Writing Kit

Following up on my , I’ve been trying out some new stuff that you might like.

A Little Context

Although I’m still committed to on the desktop (which, quite honestly, is what I’d use to write all my stuff if I could, since it does brilliantly with a few tiny tweaks) and use Textastic for pretty much everything on the , I decided to try out Writing Kit after reading about its editing and research/integration features.

I tried to summarize my findings in the same way as the for ease of comparison, and, of course, wrote the whole thing (as well as this week’s other posts) on it.


Writing Kit only supports and, alas, limited to a single folder (that you set by typing in the path name when binding the app to it), and there is very limited file management (including a mystifying sorting feature that appears to use twice as many buttons as it should).

You do get a lot of exporting options (for both and the resulting ), which range from the usual clipboard export to (mind-bogginly) , including the usual “Open in…” option to send the current document to other apps for further editing.

Fonts and Layout

Besides choosing a font (Georgia is, thankfully, the default), you get to pick the editor’s look and feel from a somewhat overwhelming list of presets that includes the themes and more common looks (think “white on blue”).

Writing Kit sports yet another soft keyboard variant, with a sliding row of half-height keys for formatting, inserting (smart-ish) brackets and common symbols - but, alas, not an easy way to insert footnotes, something that I’ve yet to find.

There is no syntax highlighting of any sort, but the genius aspect of it is the way it handles the caret. It neatly circumvents one of the most common frustrations of editing text on - that awkward moment when you need to move the cursor a single character sideways - by enabling you to simply tap on the side of the screen instead of fumbling around with the standard magnifying glass:

Tap with a single finger to move a character, tap with two to move a word’s worth to either side.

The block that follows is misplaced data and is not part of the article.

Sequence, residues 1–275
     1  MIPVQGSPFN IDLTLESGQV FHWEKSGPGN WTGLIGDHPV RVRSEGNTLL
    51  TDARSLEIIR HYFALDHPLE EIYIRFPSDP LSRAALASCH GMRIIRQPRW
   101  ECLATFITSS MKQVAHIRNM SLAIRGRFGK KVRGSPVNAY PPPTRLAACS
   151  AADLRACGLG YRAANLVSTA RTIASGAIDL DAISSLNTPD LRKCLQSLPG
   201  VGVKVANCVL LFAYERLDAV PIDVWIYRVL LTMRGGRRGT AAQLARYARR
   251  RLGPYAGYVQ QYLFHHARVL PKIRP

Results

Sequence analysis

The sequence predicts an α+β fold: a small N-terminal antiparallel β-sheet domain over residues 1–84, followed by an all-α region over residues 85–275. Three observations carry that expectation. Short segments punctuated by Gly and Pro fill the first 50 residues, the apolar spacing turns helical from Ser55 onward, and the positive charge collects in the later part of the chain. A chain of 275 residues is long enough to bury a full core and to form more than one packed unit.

It even works when you have an active selection - tapping will dutifully extend the selection, character-wise or word-wise - and, to my joy, sliding your finger indents the text.

On the whole, these little things are fast, simple, and intuitive - as well as something that themselves should probably consider as a standard gesture whenever feasible.

The caret movement side taps are so good that I found myself trying to use them in other apps, and I expect most editors to steal this feature as soon as they get wind of it.

There is also a “smart return” feature (smart auto-indenting, in fact) that will make it trivial to insert consecutive items in lists, and a very handy document navigation menu that allows you to not just jump between headings and sections, but also to the location of every link referenced throughout the document1 - another thing I haven’t seen before, and that makes it trivially easy to check if you’ve defined references to all your links.

Word Count

If you really care about that, there is a word count display when you pull down the tasks menu (but no way to show a live count, which is just as well).


Previewing is fast and efficient (a single tap will get you in and out of it) but apparently not customizable. The default result is pleasing enough, but it’s annoying not to be able to tweak some minor aspects..

Sadly, footnotes almost work - the footnote links are placed correctly, but links in the footnotes themselves are not rendered properly - which is a very serious bug as far as I’m concerned, and completely spoils the experience for me.

It also bears noticing that previewing is completely separate from export and printing, which was a little baffling at first - there’s no way to jump to export or printing from the preview screen, which is less serious but somewhat surprising.